When node 100 is powered by a low voltage power line to which it also needs to couple data, a path is provided via PLI 110, and coupler port 141 is unused. Also, since only one modem, e.g., modem 140, would be for communicating over the low voltage power line that is powering node 100, node 100 may be configured so that modem 140 is that one modem.
Data processor 150 controls modems 120, 130 and 140, by sending commands that configure modems 120, 130 and 140 for a set of operating parameters and sending and receiving digital data to and from a power line via one or more of modems 120, 130 and 140.
A line 152 carries logic data from PLI 110 to data processor 150. The logic data indicates status relating to one or more of the phase lines.
AC power input port 205 is for connection to power cable 115. AC power output port 250 provides power from power cable 115. AC power surge suppression circuit 225 limits voltage at AC power output port 250. Capacitive data coupler 240 couples a data signal between AC power input port 205 and data port 260. Data port surge suppression circuit 245 limits voltage at data port 260.
AC power input port 205 receives the neutral line (N) and the three phase lines (Φ1, Φ2, Φ3) of power cable 115 (see
AC power input port 205 is implemented by terminals 301, 302, 303 and 304, which are connected to the neutral line (N) and the three phase lines (Φ1, Φ2, Φ3) (see
A terminal 105 is a safety ground. Terminal 105 is connected to an electrical ground, which may be accessed by connecting to a case, chassis, or other structural component of node 100. For example, terminal 105 may be connected to the chassis of PLI 110 and to the chassis of power supply 160.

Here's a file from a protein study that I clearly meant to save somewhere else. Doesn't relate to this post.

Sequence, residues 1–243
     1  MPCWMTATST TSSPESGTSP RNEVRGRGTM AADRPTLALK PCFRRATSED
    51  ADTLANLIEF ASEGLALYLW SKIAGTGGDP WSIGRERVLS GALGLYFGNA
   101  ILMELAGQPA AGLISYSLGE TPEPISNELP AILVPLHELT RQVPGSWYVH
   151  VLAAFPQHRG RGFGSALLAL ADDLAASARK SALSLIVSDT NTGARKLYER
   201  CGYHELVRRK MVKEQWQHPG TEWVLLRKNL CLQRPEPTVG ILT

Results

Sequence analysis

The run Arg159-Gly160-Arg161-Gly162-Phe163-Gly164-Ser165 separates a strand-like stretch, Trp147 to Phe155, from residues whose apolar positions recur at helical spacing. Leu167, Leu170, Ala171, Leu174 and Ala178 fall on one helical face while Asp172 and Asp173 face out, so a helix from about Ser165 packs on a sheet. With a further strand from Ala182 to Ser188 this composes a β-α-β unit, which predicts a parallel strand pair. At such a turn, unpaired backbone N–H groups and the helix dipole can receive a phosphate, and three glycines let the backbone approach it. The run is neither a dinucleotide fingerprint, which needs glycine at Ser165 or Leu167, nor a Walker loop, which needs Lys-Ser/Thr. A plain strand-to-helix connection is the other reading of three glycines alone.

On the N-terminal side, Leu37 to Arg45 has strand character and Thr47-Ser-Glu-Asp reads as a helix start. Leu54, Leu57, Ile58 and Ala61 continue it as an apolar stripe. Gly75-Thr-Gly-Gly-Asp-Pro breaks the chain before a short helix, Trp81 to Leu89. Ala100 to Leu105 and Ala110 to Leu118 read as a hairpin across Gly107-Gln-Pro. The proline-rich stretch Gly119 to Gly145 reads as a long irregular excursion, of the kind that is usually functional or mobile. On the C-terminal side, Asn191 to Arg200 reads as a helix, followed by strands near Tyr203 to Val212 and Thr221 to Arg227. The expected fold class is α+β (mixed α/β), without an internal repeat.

Fuse block 210 is connected to AC power input port 205 and is implemented by fuses 310, 311, 312 and 313, in series with the neutral line (N) and the three phase lines (Φ1, Φ2, Φ3), respectively. Fuses 310, 311, 312 and 313 protect PLI 110 from surges on the neutral line (N) and the three phase lines (Φ1, Φ2, Φ3).
RF isolation circuit 220 is implemented by chokes 343, 344, 345, 346, 355 and 356, capacitors 350, 351 and 353, and gas tubes 380 and 381.
AC power surge suppression circuit 225 is implemented by resistors 360 and 361, and five metal oxide varistor (MOV) surge arrestors 362.
Line sensor 230 is implemented by full wave rectifier bridges 389 and 390, a dual optical isolator 393, resistors 387, 391, 388, 392, 396 and 397, and capacitors 394 and 395. An output of line sensor 230 is provided to logic port 270. Logic port 270 is implemented by terminals 398 and 399.
Capacitive data coupler 240 is implemented by resistors 328, 327 and 326, and capacitors 323, 322 and 321.
Data port surge suppression circuit 245 is implemented by gas tubes 330 and 331, a signal transformer 335, avalanche diode strings 332 and 333, and resistor 334.